• Britain's Prince Andrew responded to intense media scrutiny of his links to Jeffrey Epstein by issuing a statement Saturday denying any knowledge of criminal behavior by his one-time friend who killed himself in a New York jail while awaiting trial on sex trafficking charges. 'At no stage during the limited time I spent with him did I see, witness or suspect any behaviour of the sort that subsequently led to his arrest and conviction,' Andrew said in the written statement, referring to Epstein's 2008 conviction after pleading guilty to prostitution-related state charges. Epstein served 13 months behind bars. Andrew again said it was a 'mistake' to visit Epstein after his release in 2010. Queen Elizabeth's son also expressed 'tremendous sympathy' for Epstein's victims. Epstein, 66, killed himself Aug. 11 while awaiting trial on charges of sex trafficking and conspiracy. Saying he wanted to clarify their 'association,' Andrew said, 'I met Mr. Epstein in 1999. During the time I knew him, I saw him infrequently and probably no more than only once or twice a year. I have stayed in a number of his residences.' Saturday's statement was not the first time Andrew has commented on Epstein. Earlier this month, Andrew rejected suggestions he may have been involved in Epstein's crimes. That statement came after the Mail on Sunday newspaper obtained a Dec. 6, 2010, video showing Andrew inside Epstein's New York home waving goodbye to a young woman. The video was recorded after Epstein's 2008 conviction.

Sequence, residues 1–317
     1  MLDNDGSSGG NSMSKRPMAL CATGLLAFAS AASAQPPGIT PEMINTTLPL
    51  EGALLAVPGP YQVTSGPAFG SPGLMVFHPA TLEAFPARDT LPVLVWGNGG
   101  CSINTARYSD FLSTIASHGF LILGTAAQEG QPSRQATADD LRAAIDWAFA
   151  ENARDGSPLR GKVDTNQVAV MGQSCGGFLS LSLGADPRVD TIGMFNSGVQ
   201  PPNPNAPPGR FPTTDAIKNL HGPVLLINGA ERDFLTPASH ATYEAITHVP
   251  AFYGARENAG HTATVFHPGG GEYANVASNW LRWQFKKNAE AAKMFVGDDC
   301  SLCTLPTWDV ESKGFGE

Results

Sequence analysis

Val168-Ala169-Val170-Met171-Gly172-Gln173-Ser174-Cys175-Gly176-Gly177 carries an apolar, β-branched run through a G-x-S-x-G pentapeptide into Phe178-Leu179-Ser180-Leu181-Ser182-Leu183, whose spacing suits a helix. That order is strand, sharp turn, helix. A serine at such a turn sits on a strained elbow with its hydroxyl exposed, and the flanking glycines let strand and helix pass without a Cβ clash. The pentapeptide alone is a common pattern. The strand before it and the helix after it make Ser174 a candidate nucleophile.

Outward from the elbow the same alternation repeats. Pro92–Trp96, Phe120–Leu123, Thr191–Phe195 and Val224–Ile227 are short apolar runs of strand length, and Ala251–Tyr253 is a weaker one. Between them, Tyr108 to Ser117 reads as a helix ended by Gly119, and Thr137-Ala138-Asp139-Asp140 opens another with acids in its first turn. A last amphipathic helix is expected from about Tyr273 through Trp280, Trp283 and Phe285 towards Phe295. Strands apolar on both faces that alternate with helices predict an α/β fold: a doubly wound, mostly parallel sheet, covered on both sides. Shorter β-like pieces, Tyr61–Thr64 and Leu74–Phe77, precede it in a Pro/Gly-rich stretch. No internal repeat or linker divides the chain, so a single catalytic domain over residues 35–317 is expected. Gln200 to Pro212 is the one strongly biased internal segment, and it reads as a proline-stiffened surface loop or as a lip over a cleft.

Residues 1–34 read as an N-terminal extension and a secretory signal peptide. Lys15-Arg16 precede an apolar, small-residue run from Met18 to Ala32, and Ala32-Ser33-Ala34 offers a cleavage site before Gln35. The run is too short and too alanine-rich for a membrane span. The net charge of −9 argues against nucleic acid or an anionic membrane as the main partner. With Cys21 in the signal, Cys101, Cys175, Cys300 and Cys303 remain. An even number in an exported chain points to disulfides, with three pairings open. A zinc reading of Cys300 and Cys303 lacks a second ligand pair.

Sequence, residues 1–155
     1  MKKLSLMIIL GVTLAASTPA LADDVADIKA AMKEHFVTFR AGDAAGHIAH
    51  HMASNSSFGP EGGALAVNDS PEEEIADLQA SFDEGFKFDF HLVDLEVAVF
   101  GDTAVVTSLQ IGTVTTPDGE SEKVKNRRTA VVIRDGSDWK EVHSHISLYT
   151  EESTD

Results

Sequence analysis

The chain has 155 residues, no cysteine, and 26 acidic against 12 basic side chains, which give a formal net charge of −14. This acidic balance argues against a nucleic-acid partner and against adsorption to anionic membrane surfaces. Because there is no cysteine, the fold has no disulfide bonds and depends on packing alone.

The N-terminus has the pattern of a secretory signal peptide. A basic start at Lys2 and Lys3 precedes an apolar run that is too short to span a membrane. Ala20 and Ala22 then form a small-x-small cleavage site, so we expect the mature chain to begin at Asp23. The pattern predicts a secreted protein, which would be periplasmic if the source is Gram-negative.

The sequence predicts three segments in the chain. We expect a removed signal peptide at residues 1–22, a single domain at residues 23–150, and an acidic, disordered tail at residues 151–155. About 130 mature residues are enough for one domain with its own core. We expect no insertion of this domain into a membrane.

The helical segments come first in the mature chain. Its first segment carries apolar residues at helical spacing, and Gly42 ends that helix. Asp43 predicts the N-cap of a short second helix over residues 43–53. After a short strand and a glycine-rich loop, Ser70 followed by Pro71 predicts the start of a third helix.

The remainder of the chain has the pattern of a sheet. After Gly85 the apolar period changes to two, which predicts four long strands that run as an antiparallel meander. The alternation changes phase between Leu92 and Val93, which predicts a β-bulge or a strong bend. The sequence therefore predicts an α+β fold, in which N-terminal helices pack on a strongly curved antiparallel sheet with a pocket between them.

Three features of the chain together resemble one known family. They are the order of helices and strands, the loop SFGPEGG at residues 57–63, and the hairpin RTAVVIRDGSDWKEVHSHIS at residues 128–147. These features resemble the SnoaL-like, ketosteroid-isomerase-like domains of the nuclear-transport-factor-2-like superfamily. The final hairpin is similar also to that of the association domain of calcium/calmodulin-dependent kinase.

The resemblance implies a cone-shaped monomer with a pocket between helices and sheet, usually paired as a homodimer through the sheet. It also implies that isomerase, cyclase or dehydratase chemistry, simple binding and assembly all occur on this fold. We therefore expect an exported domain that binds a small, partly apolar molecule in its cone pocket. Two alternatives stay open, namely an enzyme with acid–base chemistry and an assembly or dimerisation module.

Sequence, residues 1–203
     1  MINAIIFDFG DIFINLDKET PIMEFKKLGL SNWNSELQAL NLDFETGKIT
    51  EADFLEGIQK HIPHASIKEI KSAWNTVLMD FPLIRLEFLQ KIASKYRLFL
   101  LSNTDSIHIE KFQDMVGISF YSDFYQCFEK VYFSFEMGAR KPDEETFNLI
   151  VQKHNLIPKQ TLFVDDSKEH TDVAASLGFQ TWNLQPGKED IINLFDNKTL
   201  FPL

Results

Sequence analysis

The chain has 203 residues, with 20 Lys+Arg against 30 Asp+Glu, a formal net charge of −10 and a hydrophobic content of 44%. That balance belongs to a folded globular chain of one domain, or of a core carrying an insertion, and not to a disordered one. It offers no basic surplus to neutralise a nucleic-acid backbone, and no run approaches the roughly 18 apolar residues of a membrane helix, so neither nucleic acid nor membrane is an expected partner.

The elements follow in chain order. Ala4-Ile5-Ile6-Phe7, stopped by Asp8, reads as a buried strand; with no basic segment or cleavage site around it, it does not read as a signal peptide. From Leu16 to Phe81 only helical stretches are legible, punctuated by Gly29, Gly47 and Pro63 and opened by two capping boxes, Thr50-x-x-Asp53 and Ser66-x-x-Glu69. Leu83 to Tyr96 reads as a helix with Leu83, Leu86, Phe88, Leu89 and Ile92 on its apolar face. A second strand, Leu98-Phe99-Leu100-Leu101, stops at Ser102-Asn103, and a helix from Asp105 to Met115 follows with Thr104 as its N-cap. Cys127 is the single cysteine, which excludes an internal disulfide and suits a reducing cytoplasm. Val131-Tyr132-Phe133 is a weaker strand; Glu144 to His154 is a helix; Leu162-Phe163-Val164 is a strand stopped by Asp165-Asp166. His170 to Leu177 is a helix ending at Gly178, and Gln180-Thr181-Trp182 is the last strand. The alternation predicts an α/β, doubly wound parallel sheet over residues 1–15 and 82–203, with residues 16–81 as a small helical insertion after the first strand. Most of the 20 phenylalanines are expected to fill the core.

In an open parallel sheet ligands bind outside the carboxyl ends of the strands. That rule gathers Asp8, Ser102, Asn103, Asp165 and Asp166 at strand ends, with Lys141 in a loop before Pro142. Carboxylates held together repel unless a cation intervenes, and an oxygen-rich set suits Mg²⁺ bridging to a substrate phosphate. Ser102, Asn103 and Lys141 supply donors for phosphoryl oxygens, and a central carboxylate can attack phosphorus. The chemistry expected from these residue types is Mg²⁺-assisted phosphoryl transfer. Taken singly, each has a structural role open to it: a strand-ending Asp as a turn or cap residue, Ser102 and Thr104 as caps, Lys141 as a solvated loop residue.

• Robert Downey Jr. says he had a wild Disneyland ride in his younger days. The 'Iron Man' and 'Avengers: Endgame' star, among those honored Friday as Disney Legends, said his first visit to the Southern California resort included a brief detention for 'smoking pot in a gondola.' 'I was brought to a surprisingly friendly processing center, given a stern warning and returned to, if memory serves, one very disappointed group chaperone,' Downey said. He turned serious when he spoke about the Marvel movies. 'I get to remain a fan of the first inclusive and evolving cinematic universe ever so far,' said Downey, whose character meets a dark fate in 'Avengers: Endgame.' Disney CEO Robert Iger presented the Legends trophy to the actor at the D23 Expo Disney fan event. The company said it honors those who have made remarkable contributions to the Disney legacy. Singer Christina Aguilera, actress Ming-Na Wen, journalists Diane Sawyer and Robin Roberts and directors Jon Favreau and Kenny Ortega were among others receiving trophies. Aguilera, who performed 'Reflection' from the Disney movie 'Mulan,' called it 'way cooler than a Grammy.' Wen thanked her mother for giving her the courage to live 'this American dream.' The actress voiced the role of Mulan and is joining the cast of the upcoming Disney Plus streaming service's 'The Mandalorian.